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Downtown, Cairo, Egypt.
Special Exhumation of the Egyptian Surrealist Movement
Most Cairenes, including those in the art community, had never heard of the Egyptian Surrealist Movement until the Townhouse Gallery introduced a special exhibition in early April. The exhibit aims to present the work of the Egyptian Surrealists, or the ‘Art and Freedom Group’ as they called themselves, in a way that honours their attitude towards art and life. The display is organised by Adam Broomberg and Oliver Chanarin.
The exhumation technically opened on April 18, 2010, but true to the style of the Art and Freedom Group, the exhibit is running backwards. Thus, the exhibit’s official opening is actually on its closing night, which is May 12, 2010. Each day, the display will change or be added upon, transforming the Townhouse Gallery’s first-floor gallery. It is truly an exhibit-in-progress that allows observers to engage with the space by visiting regularly and witnessing how the process unfolds.
On the exhibit’s unofficial opening night, the walls of the first-floor gallery were almost completely bare. In the main room, a calligrapher was writing the display’s invitation in Arabic. On an opposite wall, there was a sign that read in Arabic and English, ’Women Workers of All Lands, Be Beautiful.’
The following two rooms consisted of completely white walls that seemed to be assigned to certain original ink stamps of the ‘Art and Freedom Group’. The stamps proclaimed ironic sentences including ’Like a Knife without a Blade that has Lost Its Handle‘ and ’Doomed to Yawn In front of Its Own Image.’
In the fourth and final room, a TV was placed in front of a video projector. The TV screen repeated the same factual paragraph about a film made by one of the movement’s original founders. The paragraph ends ’A copy of [the film] will be on show here as soon as the organizers of this exhibition manage to find one,’ leaving a very unclear direction as to where this exhibit is going in the next two and a half weeks.
Simply put, the Special Exhumation of The Egyptian Surrealist Movement is the kind of exhibit that makes you remember why you go to the Townhouse Gallery. The exhibit has brought light to a long-lost Egyptian art movement whose manifesto was ’Vive l’Art Dégénéré‘ and who stood up against perceived enemies of the public– order, beauty and logic. Capturing the irony and humour of the original movement, this special presentation of the Egyptian surrealist movement is easily the best Townhouse initiative since Townhouse’s Model Citizens Exhibit, which ended in April 2009.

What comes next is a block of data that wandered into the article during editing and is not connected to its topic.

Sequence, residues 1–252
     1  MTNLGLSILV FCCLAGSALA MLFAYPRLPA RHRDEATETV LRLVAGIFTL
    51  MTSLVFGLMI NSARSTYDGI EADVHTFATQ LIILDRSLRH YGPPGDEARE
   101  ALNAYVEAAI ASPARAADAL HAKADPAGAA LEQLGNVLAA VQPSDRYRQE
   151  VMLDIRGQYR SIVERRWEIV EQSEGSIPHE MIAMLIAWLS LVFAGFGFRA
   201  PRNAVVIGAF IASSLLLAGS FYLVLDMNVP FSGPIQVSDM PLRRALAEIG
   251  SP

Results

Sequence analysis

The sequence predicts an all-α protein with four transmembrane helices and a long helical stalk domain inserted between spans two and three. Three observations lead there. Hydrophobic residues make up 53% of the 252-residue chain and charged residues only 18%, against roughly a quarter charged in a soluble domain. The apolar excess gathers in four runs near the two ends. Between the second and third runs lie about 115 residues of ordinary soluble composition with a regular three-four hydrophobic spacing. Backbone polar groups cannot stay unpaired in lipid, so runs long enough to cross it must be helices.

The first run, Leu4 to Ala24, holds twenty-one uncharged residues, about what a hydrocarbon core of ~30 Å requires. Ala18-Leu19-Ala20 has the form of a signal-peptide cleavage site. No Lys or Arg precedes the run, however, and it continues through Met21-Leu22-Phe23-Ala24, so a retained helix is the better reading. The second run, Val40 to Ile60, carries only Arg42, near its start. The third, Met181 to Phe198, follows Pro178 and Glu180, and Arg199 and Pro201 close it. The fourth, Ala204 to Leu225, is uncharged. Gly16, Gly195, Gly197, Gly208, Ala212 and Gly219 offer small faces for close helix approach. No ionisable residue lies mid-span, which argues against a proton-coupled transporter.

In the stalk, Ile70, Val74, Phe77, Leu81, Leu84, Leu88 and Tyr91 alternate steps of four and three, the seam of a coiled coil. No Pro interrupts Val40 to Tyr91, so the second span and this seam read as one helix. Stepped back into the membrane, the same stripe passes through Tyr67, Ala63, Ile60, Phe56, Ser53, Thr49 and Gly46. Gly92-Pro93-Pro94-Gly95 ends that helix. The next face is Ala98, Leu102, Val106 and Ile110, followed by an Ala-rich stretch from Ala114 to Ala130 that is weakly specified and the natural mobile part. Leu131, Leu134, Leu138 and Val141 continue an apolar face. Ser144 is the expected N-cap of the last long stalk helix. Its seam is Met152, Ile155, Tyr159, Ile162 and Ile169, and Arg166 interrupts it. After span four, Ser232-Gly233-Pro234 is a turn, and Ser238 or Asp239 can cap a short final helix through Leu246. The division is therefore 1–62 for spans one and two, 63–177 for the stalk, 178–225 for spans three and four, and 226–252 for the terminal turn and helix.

Eyes are the windows to the soul; an old saying that was perfectly demonstrated in Zamalek Art Gallery’s current exhibition, ‘The Magic Thread’.
‘The Magic Thread’ features a collection of unique, childlike and somewhat eerie figurative paintings by Syrian artist, Souad Mardam Bey, who, through her artistic talent and devotion, conveys intense feelings through the eyes of each painting.
Each painting portrays a different character; only it seems that the same captivating element in each one of them is the eyes, which seem to be filled with some sort of sadness or longing that can be further understood differently.
One particular painting shows a female figure –a child most likely— with her head titled to the side, smelling a white-petal flower with large longing eyes which seem to be gazing right out of the canvas. Everything about this painting is simple and bland; except the eyes, which are much more detailed and slightly bigger than one would expect which draws the viewer in even further.
The background of Bey’s paintings are simple and exist purely of one flat colour; which is why more attention is drawn to the innocent childish figures painted on top portraying a 2D style, similar to the one you find in children’s books.
Another painting that stood out depicts a young girl figure or doll, dressed up in a floral pink dress and make-up, looking into a mirror with large sad eyes, a common element in many of Bey’s artwork.
‘The Magic Thread’ is a title that not only draws on the childlike theme in this exhibition, but also evokes the idea of children’s toys and dolls coming to life, especially through their expressive eyes—which seemed to be the central point of this exhibition.
With its ray of unique large portraits and simple childlike style, Bey’s exhibition is without a doubt captivating one and it succeeded to attract a large crowd among art connoisseurs in Cairo.